School, as they say, is out for summer. The days have grown long and the nights are warm. It’s time for some good ol’ camping! Now you’ll need to back all of the essentials: sleeping bags, fixings for s’mores, a metric ton of bug spray—oh, and unspeakable horror.
Whether you’re headed out to Camp Crystal Lake or the Wamapoke County Forest, no campfire is complete without the telltale scent of crapped pants mingling with burnt wood. This year we thought we’d do our part in honoring that tradition by digging up ten lesser-known stories from the spookiest corners of the web. Well, from the spookier corners of Reddit, anyway. That’s where the Internet keeps all its horrors, right? I’m pretty sure I’m right.
1. The Rake — author unknown
Nearly as popular as The Slender Man, this one’s a modern classic. Don’t let its popularity lull you into a false sense of security, though. There’s a reason so many people feel a connection to this story. It may not be specifically about camping or being outdoors, but it’s terrifying no matter where you tell it.
2. The Black Lagoon — by graduallyaghost
To celebrate their first year in university, six friends went camping in the wilderness. After driving for several hours from the nearest town, they discovered a lagoon, nestled beside a cliff ideal for diving. They set up camp in the woods nearby and spent the evening swimming in the warm, clear water. As the sun sunk below the trees, one of the friends went up to the highest point on the cliff and jumped off, while the other five watched. Their laughter slowly subsided as they waited for him to surface. It only took half a minute for them to dive in after their friend. Struggling and sputtering among the reeds in the lagoon, they searched hopelessly for him. Finally they disentangled themselves and came up, but they never saw their friend again. Heartbroken they returned to the city and passed a strange and lonely year in which their only solace was the knowledge that they would return to the lagoon to honor the anniversary of their friend’s death.
A year passed and they returned to the lagoon as a memorial, but as they approached they saw their friend standing there, head bowed. Excitedly they called to him and began running towards him, but he didn’t turn. As they got closer they called him more desperately, but still to no avail. With joy they ran towards him, but stopped dead when they saw not one but five crosses on the waterside.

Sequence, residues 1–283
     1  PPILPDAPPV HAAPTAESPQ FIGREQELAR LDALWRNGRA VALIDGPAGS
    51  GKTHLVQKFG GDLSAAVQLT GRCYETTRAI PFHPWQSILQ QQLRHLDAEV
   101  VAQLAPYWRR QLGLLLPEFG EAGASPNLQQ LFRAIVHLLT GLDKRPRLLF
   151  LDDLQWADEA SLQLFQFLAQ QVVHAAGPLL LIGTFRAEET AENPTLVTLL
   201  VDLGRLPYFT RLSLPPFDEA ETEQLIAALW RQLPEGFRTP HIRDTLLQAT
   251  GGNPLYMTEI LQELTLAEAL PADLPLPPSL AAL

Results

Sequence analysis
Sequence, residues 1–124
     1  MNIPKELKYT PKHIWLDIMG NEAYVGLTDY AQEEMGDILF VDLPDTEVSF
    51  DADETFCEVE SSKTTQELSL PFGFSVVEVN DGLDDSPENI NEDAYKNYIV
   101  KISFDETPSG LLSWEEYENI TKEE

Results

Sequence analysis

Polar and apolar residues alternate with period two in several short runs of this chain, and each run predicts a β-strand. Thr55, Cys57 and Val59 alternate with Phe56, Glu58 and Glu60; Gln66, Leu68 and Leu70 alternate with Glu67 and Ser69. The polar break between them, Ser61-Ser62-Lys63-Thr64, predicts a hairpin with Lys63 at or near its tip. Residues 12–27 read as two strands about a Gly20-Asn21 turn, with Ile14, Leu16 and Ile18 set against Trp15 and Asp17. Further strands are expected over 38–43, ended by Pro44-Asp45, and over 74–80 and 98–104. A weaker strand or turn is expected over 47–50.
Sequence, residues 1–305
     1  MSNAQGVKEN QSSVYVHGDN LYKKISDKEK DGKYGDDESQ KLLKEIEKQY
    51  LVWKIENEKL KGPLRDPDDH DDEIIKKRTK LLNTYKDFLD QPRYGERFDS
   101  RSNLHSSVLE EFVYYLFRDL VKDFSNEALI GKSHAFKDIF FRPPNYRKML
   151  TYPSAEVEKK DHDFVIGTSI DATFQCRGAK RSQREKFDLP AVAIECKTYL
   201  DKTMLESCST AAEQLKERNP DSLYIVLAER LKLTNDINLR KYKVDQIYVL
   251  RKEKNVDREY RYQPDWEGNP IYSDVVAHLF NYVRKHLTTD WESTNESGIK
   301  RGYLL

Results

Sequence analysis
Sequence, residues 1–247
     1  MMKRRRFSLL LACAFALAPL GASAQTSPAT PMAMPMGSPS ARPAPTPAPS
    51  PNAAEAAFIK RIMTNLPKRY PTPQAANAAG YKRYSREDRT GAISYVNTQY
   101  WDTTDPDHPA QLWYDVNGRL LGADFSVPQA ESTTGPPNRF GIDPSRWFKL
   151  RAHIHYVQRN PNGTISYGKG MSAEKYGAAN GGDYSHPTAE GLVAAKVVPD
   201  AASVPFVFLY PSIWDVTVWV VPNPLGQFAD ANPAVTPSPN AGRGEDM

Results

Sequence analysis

3. Why You Can’t Talk To The Dead — by daydalia
4. The Dead Will Think You’re Calling For Them — by thethingthatwill
As the weather gets warmer, I usually find myself spending more evenings out on my porch, relaxing with a glass of red wine, gazing out at the wooded area across the street from my house. A couple of weeks ago, I sat on my porch as usual, whistling a tune that had been stuck in my head all day.
My neighbor, from her own porch, turned to me and said “You shouldn’t whistle at night. The dead will think you’re calling for them.”
“They’re closer than you think.” she said.
I suddenly felt the urge to go back inside. The woods started to look a little too dark, concealing what almost looked like blurry shapes that swayed behind the trees.
I don’t whistle at night anymore.
But they do.
5. Tip: If you move into a new house, check every room — by Grace_Omega
6. The Pond — by Mara
There’s nothing scary about a placid little pond in the woods, right? Right??
My wife was shaking me quietly. I looked around the cabin. The girls must have gone to bed. The fire had burned down to embers. My glass of scotch was still in my hand.
“Something is tapping on the porch.” Then I heard it too. I grabbed my ax and lit the lantern. I opened the door expecting a racoon or a skunk, but instead found a boy of about 10 years old.
He stared at me petrified for a moment, then bolted down the path through the woods. I gave chase. He was losing me but I heard him tumble to the ground. I leapt on top of him in a rage.
“Why were you knocking on my porch?” I screamed. “My uncles told me to.” He stammered.
I was no longer angry, but confused. “But why?” I asked. “To get you out of the cabin.”
The shortcut through the Corn field
tempts you as you’re walking home
the clouds above keep the moon concealed
As you enter the swaying corn, alone.
The corn grows tall and thick, my friend,
the path you chose is muddy
it grows in rows without scope or end
and in the dark, you hurry
You don’t see the standing forms
As you pass them on your way
they stand still amongst the swaying corn
which hides their pallor, and decay
hundreds gather in this field tonight
though you see none at all
yet still you look around in fright
but the corn grows too thick, too tall
You tell yourself as you continue through
“Its merely the rustling of the leaves,”
But they see you, and they hear you,
And they might not let you leave.
The narrative of this tale is so specific, so detailed that you’ll swear you’re right alongside its author as she hops on her beat up Yamaha and heads off on her very first vacation. Not that you’ll want to be.
There are plenty of other terrifying campfire stories out there, so if we left you favorite off this list, share it with us in the comments. We’ll be awake for a while anyway.